The chemotherapy combination consisting of estramustine, docetaxel and low-dose hydrocortisone appears to produce significant anti-cancer responses in approximately 50% of men with metastatic prostate cancer that no longer respond to hormone therapy, according to a recent study published in the Journal of Clinical Oncology. This regimen may be particularly helpful in maintaining physical functioning and in relieving pain for patients with this disease.
The prostate is a male sex gland that is located between the bladder and the rectum. Prostate cancer occurs commonly in older men and is the second leading cause of cancer death in men in the United States. Patients diagnosed with prostate cancer have many treatment options available to them, depending upon the stage, or extent of their disease. Prostate cancer that has spread from its site of origin to distant sites in the body is referred to as advanced or metastatic prostate cancer and is often treated with hormone therapy.
Male hormones, called androgens, can stimulate prostate cancer cells to grow. Various hormone therapies can be used to lower the levels of these androgens (mainly testosterone) in the body, or block androgens from entering the cancer cell. This stops or slows the growth of cancer by depleting the cancer cell of the androgen growth stimulus. While this approach may initially delay the progression of metastatic prostate cancer, the disease will eventually become resistant to hormone therapy and ultimately progress. Once the cancer stops responding to hormone therapy, it is referred to as hormone-refractory prostate cancer.
Historically, most physicians have believed that hormone refractory prostate cancer was resistant to treatment with chemotherapy; however, doctors have recently realized that certain chemotherapeutic agents such as estramustine, mitoxantrone and the taxanes may produce significant anti-cancer activity in men with hormone refractory prostate cancer. Research is ongoing to identify which chemotherapy combinations are most promising for the treatment of hormone refractory metastatic prostate cancer.
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Recently, researchers in the Cancer and Leukemia Group B performed a clinical trial evaluating a chemotherapy combination in men with hormone-refractory prostate cancer. In this study, 47 men were treated with the combination of docetaxel, estramustine and low-dose hydrocortisone. Following the completion of treatment, anti-cancer responses were achieved in 50% of patients. Sixty-eight percent of men had a 50% or greater decrease in prostate specific antigen (PSA) levels (blood levels of proteins produced by cancer cells) and 57% had a 75% or greater decrease in PSA levels. Following treatment, the average survival duration was 20 months. The average time to cancer progression following treatment for patients in this study was 8 months.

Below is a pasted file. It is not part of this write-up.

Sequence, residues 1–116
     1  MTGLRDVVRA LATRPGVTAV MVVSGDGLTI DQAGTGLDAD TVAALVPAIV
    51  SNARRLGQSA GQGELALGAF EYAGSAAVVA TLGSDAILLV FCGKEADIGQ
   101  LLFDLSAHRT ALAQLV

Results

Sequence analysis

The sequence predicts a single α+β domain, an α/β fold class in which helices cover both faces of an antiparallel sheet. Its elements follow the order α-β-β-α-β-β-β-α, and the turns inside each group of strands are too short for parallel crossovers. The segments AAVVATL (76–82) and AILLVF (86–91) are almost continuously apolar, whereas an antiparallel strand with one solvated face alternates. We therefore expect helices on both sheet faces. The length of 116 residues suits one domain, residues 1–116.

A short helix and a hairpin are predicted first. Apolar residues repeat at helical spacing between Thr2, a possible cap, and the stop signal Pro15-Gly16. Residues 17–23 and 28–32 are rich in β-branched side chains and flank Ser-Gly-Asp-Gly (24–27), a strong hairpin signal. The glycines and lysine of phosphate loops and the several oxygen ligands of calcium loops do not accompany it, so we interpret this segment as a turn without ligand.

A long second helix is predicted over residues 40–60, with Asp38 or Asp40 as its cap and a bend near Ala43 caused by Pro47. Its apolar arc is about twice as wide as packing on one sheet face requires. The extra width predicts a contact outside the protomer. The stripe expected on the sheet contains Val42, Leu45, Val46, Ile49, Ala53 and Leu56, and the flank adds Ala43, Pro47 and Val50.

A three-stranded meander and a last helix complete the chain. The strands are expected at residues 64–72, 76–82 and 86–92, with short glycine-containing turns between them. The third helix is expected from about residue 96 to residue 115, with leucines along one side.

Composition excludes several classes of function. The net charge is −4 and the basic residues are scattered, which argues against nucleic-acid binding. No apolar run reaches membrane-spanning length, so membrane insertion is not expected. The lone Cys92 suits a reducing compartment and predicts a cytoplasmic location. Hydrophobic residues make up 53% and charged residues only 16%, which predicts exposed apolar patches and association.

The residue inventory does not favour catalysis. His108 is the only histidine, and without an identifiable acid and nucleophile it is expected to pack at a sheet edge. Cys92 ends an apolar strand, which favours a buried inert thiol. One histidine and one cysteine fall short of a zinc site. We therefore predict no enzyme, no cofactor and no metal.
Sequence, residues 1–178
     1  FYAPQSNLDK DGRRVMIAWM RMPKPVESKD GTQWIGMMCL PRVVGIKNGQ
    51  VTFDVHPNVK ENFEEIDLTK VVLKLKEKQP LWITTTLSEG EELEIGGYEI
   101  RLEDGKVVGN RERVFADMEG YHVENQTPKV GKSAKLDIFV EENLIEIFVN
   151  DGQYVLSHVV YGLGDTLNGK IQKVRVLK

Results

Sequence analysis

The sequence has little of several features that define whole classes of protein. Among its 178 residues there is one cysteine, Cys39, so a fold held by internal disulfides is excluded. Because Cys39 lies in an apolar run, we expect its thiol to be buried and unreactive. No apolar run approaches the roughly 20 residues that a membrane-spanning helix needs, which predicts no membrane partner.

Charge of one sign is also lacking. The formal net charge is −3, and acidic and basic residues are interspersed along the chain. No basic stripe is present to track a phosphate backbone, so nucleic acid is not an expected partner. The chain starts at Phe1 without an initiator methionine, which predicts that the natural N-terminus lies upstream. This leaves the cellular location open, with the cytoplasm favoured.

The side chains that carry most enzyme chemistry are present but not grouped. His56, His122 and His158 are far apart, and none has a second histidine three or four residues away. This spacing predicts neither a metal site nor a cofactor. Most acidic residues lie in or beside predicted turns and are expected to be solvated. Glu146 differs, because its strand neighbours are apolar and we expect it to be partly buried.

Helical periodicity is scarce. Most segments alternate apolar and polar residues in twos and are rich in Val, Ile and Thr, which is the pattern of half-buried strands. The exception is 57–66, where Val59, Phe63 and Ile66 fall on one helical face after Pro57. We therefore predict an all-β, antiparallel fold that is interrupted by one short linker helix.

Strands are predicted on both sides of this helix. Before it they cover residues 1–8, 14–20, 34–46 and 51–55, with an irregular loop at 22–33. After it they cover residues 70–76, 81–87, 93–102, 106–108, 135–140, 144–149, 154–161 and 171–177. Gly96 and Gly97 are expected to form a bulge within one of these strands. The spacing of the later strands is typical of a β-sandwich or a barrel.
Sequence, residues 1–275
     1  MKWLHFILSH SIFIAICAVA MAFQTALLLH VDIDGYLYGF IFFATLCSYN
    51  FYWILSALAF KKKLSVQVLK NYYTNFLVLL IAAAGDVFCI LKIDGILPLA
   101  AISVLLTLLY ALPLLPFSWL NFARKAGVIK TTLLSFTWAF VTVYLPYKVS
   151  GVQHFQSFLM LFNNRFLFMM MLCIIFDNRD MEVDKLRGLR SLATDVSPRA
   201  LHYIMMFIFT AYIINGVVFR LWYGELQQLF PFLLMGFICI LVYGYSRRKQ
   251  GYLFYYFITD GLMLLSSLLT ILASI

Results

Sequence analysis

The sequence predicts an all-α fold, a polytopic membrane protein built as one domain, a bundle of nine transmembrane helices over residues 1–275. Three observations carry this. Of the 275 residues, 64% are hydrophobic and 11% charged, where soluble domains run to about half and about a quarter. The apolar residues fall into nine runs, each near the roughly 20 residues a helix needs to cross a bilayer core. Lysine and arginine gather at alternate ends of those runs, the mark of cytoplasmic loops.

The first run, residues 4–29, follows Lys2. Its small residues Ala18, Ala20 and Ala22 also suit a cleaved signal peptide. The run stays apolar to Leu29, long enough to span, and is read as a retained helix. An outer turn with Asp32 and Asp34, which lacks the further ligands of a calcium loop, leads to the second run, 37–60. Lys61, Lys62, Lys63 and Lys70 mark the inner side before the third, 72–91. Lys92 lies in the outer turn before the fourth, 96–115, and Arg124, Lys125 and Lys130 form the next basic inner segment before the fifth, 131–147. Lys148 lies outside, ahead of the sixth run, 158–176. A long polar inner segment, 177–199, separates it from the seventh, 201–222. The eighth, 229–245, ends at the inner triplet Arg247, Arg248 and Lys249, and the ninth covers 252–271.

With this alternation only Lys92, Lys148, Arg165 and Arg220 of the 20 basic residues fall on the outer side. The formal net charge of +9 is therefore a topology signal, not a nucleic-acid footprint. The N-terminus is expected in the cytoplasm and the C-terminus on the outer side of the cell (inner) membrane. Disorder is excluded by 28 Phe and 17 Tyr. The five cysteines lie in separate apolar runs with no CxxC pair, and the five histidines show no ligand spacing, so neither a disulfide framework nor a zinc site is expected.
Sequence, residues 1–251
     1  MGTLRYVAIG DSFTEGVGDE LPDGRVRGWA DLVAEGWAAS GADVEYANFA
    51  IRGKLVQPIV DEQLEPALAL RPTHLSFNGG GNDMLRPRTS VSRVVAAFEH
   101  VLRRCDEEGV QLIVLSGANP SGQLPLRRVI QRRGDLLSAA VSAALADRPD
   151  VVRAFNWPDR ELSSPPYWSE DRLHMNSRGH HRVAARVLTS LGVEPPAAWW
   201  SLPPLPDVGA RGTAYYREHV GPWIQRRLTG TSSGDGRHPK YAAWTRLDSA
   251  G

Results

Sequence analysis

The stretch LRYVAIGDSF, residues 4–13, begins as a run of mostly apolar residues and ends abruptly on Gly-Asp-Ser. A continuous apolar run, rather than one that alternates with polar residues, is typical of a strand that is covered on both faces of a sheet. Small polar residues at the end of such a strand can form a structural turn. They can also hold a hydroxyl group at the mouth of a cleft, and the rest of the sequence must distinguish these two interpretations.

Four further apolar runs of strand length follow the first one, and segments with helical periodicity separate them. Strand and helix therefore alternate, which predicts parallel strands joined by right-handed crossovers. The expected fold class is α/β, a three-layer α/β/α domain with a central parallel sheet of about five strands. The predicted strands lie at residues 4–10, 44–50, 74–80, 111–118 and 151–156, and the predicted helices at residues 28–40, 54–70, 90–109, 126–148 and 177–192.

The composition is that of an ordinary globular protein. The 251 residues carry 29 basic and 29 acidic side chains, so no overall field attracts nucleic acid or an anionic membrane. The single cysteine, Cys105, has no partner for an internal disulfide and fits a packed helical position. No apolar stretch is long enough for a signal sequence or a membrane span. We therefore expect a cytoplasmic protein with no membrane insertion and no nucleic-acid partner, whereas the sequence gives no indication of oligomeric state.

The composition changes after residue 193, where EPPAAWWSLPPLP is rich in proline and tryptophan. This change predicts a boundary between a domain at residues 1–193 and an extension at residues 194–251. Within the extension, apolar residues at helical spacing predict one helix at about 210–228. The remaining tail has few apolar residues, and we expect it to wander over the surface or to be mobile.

The researchers concluded that the combination of estramustine, docetaxel and low-dose hydrocortisone was effective and well tolerated in men with hormone refractory prostate cancer. Future clinical trials are warranted utilizing this chemotherapy combination earlier in the disease course and directly comparing this treatment combination to other standard treatment regimens.
Men with hormone refractory or other prostate cancer may wish to speak with their physician about the risks and benefits of this or other chemotherapy combinations or the participation in a clinical trial evaluating other, promising new treatment regimens. Two sources of information regarding ongoing clinical trials include comprehensive, easy-to-use services provided by the National Cancer Institute (cancer.gov) and eCancerTrials.com. eCancerTrials.com also provides personalized clinical trial searches on behalf of patients. (Journal of Clinical Oncology, Vol.19, No. 9, pp 2509-2516, 2001)
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